By Wahome Thuku
I HAVE done a good number of years in what is called conventional, main stream media. I have also done a good number of years in social media.
One thing I have noted over those years is the disconnect between the figureheads in those two fields. Very conspicuous.
Many journalist who are prolific in the newspaper industry have little or no following on social media.
Apparently, I have so many friends on both sides. When you talk to a print journalist, his/her ideas only starts and ends with the newspaper. How he will get the story, compile it, have it sub-edited, placed on the page, printed and sold the following day.
A print journalist will even tell you he is not on Facebook or Twitter and will feel proud about it. After all there is a pay cheque every month.
Many renown radio and TV broadcasters have no following on social media platforms. I said many, not all.
On the other side are the so called bloggers. The writers who on their own initiatives have a multitude of following.
Some of them have no training on media or communication but that not notwithstanding they communicate to thousands, if not millions. Ask yourself who is Robert Also that everyone looks out for.
They may not follow any rules taught in journalism classes but they still write and people read.
And I mean bloggers, not mere facebookers like you and I who have other careers and only update their walls for leisure and social interactions and somehow along the way they also get contracted to influence.
Actually, there is no difference between you and I. You are a teacher or a business lady and Iam a lawyer, we only meet on FB when dropping in our ideas and opinion.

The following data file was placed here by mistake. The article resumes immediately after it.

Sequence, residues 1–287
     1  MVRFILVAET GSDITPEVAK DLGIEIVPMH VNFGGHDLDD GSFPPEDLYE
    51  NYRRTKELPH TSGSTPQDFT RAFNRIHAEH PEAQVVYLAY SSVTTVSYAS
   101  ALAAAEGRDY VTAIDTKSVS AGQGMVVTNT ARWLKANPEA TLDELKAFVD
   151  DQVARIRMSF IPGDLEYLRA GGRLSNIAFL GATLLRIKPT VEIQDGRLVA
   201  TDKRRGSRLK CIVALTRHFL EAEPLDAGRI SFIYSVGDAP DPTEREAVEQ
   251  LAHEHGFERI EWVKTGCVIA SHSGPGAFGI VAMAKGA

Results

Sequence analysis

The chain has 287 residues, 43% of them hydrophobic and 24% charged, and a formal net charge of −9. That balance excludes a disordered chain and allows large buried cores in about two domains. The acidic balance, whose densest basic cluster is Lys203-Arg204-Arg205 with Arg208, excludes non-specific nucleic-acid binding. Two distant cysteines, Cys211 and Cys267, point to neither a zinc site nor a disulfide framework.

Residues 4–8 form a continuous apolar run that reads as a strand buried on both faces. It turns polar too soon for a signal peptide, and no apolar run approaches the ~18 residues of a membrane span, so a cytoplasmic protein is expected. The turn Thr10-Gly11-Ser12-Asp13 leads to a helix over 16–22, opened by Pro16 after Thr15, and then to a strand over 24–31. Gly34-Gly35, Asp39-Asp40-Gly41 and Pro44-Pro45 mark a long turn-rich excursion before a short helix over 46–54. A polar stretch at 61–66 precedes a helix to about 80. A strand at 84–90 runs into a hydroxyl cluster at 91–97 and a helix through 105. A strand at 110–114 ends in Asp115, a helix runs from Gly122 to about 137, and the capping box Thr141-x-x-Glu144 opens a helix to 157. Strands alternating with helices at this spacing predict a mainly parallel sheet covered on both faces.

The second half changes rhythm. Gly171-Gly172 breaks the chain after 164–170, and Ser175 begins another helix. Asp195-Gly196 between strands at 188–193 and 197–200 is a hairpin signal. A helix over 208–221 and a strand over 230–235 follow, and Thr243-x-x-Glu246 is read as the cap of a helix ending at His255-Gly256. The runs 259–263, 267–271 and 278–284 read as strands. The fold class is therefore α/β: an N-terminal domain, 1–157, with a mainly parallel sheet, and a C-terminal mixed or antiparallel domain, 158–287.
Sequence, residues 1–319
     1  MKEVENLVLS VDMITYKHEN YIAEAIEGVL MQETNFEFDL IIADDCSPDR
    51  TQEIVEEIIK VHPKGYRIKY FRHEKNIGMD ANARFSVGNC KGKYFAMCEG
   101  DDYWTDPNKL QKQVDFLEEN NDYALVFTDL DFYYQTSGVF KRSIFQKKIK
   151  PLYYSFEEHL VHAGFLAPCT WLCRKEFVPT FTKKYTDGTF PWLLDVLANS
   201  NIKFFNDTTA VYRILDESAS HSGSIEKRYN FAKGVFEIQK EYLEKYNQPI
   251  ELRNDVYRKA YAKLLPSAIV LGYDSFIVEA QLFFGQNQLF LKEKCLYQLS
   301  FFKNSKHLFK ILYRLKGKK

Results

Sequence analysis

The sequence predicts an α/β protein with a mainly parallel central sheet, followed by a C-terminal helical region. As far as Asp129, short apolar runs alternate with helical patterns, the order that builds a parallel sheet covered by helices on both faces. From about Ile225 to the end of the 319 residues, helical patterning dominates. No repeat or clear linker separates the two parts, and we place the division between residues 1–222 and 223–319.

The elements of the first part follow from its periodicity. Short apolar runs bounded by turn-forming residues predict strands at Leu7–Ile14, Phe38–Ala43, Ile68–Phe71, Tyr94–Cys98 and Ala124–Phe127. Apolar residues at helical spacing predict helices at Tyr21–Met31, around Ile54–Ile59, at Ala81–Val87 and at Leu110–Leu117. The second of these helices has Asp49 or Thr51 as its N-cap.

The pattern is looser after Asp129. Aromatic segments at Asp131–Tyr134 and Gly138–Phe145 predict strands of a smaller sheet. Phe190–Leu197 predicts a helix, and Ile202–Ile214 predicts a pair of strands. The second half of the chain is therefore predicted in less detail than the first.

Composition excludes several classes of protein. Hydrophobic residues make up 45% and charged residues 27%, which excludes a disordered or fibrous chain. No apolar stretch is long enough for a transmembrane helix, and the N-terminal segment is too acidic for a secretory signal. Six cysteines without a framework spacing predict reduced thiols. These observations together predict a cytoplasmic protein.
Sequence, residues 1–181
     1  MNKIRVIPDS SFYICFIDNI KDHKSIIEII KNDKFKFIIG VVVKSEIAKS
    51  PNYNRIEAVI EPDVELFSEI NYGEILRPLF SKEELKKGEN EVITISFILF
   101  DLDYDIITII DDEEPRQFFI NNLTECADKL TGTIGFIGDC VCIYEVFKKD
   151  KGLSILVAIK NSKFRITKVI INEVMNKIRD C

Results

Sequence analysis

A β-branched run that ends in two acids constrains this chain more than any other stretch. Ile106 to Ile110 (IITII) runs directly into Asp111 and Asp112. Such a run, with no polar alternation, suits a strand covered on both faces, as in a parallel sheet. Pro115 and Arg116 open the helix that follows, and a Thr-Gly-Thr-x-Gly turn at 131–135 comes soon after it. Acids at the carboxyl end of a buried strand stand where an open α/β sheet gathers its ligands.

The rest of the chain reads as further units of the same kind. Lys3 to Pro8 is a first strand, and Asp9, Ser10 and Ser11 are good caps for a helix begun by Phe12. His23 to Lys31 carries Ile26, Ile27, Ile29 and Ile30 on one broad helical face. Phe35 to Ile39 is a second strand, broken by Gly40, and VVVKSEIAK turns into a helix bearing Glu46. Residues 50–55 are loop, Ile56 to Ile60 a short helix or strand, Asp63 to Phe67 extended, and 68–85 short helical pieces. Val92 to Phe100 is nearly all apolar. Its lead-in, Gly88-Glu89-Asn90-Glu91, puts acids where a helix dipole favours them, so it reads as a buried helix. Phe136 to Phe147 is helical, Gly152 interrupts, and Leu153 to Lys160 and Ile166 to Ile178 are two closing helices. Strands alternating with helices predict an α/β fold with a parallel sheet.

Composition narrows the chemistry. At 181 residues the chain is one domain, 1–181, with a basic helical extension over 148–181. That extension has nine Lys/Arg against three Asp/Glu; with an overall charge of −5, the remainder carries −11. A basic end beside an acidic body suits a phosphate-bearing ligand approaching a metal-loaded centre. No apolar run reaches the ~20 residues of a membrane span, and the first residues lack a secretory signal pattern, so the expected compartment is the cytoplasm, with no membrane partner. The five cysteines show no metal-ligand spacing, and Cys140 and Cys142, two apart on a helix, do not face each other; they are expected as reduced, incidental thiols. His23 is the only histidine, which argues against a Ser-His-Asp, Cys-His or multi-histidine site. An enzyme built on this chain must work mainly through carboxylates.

That’s why I keep wondering why anyone would get bothered by what I drop in yet I never get annoyed by what they bring.
Back to the topic, those in mainstream wait for salaries every end month. How the bloggers make their money is a different story.
The rubber meets the road when the guy in the mainstream loses the job or retires and now thinks he/she can join the other side of blogging or influencing, to make money. That’s when it hits him that he is a stranger there.
You were a wonderful TV personality. You lose the job. You try opening a YouTube channel and we don’t even notice.
The mistake that journalists in the mainstream media make is failing to distinguish between themselves and the media they work for. Remember juzi I asked you what journalists do when they retire as a way of sustaining their trade.
You could be the best anchor on Citizen TV or the best writer in Nation. When you leave the company, we forget about you and continue wanting Citizen and reading the paper written by young fellows.
But Dennis Itumbi is the brand, the media house. We even notice when he is offline for a week. And he will never retire and will never lose that brand.
My advise, play on both sides. If you believe you are a good, professional journalist in your own right, build an independent brand outside your employer. Get that YouTube channel when you are still hot. Before you get cold.
Ask Caroline Mutoko how she did it and move with it. Or else we will never know who you were in the next five years.